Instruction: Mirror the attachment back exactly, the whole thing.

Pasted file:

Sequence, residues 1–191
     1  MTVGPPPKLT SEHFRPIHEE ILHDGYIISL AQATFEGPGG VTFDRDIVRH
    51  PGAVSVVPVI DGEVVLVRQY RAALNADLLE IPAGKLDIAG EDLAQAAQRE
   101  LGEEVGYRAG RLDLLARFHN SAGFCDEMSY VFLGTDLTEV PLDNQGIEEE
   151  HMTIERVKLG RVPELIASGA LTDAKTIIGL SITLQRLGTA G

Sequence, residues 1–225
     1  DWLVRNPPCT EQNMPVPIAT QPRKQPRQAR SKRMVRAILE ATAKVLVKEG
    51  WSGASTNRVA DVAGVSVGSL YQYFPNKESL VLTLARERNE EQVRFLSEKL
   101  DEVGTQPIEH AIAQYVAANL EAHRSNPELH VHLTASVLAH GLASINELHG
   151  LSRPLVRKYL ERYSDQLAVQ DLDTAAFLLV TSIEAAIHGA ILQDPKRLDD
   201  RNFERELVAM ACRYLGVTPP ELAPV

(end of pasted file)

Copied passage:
Sequence, residues 1–191
     1  MTVGPPPKLT SEHFRPIHEE ILHDGYIISL AQATFEGPGG VTFDRDIVRH
    51  PGAVSVVPVI DGEVVLVRQY RAALNADLLE IPAGKLDIAG EDLAQAAQRE
   101  LGEEVGYRAG RLDLLARFHN SAGFCDEMSY VFLGTDLTEV PLDNQGIEEE
   151  HMTIERVKLG RVPELIASGA LTDAKTIIGL SITLQRLGTA G

Sequence, residues 1–225
     1  DWLVRNPPCT EQNMPVPIAT QPRKQPRQAR SKRMVRAILE ATAKVLVKEG
    51  WSGASTNRVA DVAGVSVGSL YQYFPNKESL VLTLARERNE EQVRFLSEKL
   101  DEVGTQPIEH AIAQYVAANL EAHRSNPELH VHLTASVLAH GLASINELHG
   151  LSRPLVRKYL ERYSDQLAVQ DLDTAAFLLV TSIEAAIHGA ILQDPKRLDD
   201  RNFERELVAM ACRYLGVTPP ELAPV